The Dark Tower is a Real Buzzer Beater

The Dark Tower is a Real Buzzer Beater

Reviewed by Annie Poppler for

(Editor’s note: Film critic Annie Poppler is a sports novice who has recently begun dating a sport’s writer. Keep this in mind when reading the following review, which is for entertainment purposes only.)

The latest Stephen King adaptation to totally body-slam multiplexes around the globe, The Dark Tower, is a stunning achievement, combining the majesty and power of a LaBron James slam dunk, the silky smoothness of a Steph Curry 3-bomb, and the looming terror of Dennis Rodman doing just about anything. The film, which seamlessly combines genre elements of horror, westerns, action, and fantasy, is directed with a sense of confidence and surehandedness of something akin to Bill Belichick leading his New England Patriots onto the field of battle in pursuit of yet another Super Bowl victory.

The film stars Idris Elba as Roland, a gunslinger on a mission to save his world from extinction while being pursued by a ruthless horde of creatures hell-bent on stopping him. These villains are headlined by Matthew McConaughey as Walter o’Dim (a.k.a. The Man in Black, a.k.a a few other names I don’t remember). Both Elba and McConaughey are perfectly cast. Elba’s gunslinger reminds me of Joe Montana, the legendary 49ers QB who earned the nickname “Joe Cool” due to his ability to never be rattled in the face of adversity. (By the way, Montana also boasts a career touchdown to interception ratio that is absolutely ridonkulous. This may not be relevant to my review, but it’s just one of those things that we sports fanatics can’t help but notice whenever we think about Joe Montana—which is, like, a million times every day. Am I right?) And McConaughey plays The Man in Black with the ticking-time-bomb intensity of a young John Daly in the tee box in that critical moment just after one final puff on his cigarette before he totally punishes the poor golf ball with a 5 wood. In fact, I wouldn’t be surprised if McConaughey were to publicly acknowledge drawing inspiration from Daly’s legendary tee shots—it’s just so obvious in the performance.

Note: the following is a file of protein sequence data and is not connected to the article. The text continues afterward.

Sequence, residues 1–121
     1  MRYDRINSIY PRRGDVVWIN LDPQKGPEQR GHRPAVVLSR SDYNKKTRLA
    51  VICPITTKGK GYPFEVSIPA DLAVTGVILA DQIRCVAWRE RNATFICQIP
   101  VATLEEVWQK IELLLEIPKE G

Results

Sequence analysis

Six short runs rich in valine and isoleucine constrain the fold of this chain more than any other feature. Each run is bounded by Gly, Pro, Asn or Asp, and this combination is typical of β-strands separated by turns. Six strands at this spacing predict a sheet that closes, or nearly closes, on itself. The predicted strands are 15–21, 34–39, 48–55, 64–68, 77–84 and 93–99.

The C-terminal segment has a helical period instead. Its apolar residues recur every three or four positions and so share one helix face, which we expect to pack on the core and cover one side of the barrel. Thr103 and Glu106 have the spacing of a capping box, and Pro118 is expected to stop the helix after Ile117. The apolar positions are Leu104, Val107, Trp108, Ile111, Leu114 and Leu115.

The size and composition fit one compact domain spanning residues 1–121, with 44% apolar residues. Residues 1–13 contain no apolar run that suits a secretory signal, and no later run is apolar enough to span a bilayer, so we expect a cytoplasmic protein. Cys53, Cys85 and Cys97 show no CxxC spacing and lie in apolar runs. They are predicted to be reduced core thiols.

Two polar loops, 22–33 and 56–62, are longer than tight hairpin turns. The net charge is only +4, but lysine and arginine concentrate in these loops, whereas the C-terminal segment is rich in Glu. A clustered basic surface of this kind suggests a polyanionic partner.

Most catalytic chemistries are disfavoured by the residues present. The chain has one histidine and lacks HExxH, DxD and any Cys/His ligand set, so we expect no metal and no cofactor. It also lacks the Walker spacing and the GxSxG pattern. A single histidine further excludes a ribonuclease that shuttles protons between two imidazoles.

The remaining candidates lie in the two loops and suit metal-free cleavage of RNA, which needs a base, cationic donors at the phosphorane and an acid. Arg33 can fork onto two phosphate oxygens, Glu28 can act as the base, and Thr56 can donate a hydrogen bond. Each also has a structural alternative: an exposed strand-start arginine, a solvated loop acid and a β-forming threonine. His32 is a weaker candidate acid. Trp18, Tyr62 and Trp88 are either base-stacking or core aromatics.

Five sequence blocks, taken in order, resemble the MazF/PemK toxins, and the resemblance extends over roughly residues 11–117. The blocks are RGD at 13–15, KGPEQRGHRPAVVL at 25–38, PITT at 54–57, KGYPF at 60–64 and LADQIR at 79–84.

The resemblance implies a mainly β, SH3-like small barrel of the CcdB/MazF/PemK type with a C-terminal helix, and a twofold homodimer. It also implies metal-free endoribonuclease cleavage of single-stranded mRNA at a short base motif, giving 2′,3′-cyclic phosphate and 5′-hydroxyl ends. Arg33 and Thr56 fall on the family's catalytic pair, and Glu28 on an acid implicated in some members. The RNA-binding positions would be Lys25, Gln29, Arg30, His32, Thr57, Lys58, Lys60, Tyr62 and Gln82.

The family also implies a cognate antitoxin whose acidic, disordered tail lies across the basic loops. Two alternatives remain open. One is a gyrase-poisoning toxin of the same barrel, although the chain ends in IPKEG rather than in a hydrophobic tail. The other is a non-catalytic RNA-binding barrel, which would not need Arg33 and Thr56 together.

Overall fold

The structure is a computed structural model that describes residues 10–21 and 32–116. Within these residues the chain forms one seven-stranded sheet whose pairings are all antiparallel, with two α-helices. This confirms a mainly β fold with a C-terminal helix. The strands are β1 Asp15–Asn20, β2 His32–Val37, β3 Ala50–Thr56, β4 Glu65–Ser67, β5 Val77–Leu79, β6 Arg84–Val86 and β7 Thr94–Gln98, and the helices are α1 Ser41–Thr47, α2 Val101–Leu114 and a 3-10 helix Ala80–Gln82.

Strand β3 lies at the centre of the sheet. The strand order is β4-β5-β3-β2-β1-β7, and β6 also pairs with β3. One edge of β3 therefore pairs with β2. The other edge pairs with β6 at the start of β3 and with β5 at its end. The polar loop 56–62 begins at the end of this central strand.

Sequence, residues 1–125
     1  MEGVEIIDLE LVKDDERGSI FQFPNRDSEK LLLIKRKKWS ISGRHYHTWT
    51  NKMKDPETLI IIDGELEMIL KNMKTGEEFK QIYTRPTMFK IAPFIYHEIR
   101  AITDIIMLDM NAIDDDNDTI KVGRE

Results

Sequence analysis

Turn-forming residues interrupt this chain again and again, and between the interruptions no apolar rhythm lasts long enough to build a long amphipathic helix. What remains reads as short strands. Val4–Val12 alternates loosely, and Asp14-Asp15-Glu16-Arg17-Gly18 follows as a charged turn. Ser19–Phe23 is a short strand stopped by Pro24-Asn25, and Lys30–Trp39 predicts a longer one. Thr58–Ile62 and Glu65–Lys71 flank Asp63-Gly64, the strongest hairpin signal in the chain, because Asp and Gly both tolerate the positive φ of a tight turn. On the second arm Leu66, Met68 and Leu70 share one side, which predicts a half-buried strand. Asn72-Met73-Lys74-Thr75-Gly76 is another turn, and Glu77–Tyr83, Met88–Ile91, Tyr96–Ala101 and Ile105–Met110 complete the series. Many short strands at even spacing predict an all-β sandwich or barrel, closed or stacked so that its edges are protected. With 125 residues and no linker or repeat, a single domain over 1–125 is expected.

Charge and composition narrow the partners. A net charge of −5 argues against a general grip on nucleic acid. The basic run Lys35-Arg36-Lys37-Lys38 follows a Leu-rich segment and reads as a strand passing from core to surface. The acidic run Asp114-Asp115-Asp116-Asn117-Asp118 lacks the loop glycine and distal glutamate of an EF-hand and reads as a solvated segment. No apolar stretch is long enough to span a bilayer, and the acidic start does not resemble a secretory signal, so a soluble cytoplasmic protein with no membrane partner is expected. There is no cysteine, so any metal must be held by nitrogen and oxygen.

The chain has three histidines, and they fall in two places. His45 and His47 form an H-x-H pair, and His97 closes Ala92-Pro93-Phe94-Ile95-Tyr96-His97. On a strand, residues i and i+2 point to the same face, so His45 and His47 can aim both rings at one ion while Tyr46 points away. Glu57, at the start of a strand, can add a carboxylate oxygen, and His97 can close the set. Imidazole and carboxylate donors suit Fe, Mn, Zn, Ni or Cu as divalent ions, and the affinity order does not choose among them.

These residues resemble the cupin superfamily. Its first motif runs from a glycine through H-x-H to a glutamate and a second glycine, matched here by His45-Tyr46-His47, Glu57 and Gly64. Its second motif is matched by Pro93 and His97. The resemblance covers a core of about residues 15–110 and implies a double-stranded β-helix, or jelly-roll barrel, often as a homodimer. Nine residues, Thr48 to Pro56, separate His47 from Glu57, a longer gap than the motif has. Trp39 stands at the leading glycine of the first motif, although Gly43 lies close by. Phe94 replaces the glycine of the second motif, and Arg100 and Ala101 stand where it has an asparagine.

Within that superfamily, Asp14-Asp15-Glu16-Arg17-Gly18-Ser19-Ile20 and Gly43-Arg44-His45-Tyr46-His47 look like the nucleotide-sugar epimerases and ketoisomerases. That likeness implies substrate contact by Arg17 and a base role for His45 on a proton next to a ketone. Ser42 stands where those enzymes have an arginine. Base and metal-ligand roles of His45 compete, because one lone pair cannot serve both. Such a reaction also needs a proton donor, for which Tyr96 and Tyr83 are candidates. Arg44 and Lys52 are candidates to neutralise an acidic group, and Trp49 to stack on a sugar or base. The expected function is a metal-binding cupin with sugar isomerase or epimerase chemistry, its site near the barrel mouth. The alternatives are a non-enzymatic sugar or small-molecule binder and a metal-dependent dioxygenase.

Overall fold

So anyway, the Gunslinger and The Man in Black begin this whole Magic Johnson-Larry Bird-style rivalry that can best be described as the cinematic version of a Conor McGregor back kick to the balls. It’s just that powerful. The chase scenes bring to mind the best of the storied history of the Daytona 500. The fight sequences are every bit as harrowing as Ali-Frazier 3. Watching Elba do his thing as the Gunslinger is like watching Mario Lemieux terrorize St. Louis Blues goaltender Rick Wamsley on his way to a hat trick (he actually scored 4 goals; one more than necessary for a hat trick) on New Year’s Eve in 1985. This is one of those movies that is best enjoyed with a Dodger Dog (mustard only) and a cold one … and maybe some nachos. The action is just that awesome. Of course, to be completely honest, I missed a good bit of this film because I was busy checking the day’s baseball scores on my phone. No need to worry; the Dodgers won.

About an hour into the film I settled back in my seat, tore open a pouch of Red Man Chew (I prefer the Golden Blend), and basked in the brilliant glow of men shooting at each other while I occasionally scratched my groin area and spat into a half-empty cup of Diet Dr. Pepper.

Now that’s a great time at the movies!

I give The Dark Tower three gold medals and half a bronze out of a possible 4.

(The Dark Tower is rated PG-13 for some kick-ass stunt work by some amazing athletes who are totally ripped, graphic locker room talk, sporadic taunting, and extended depiction of untended wounds.)

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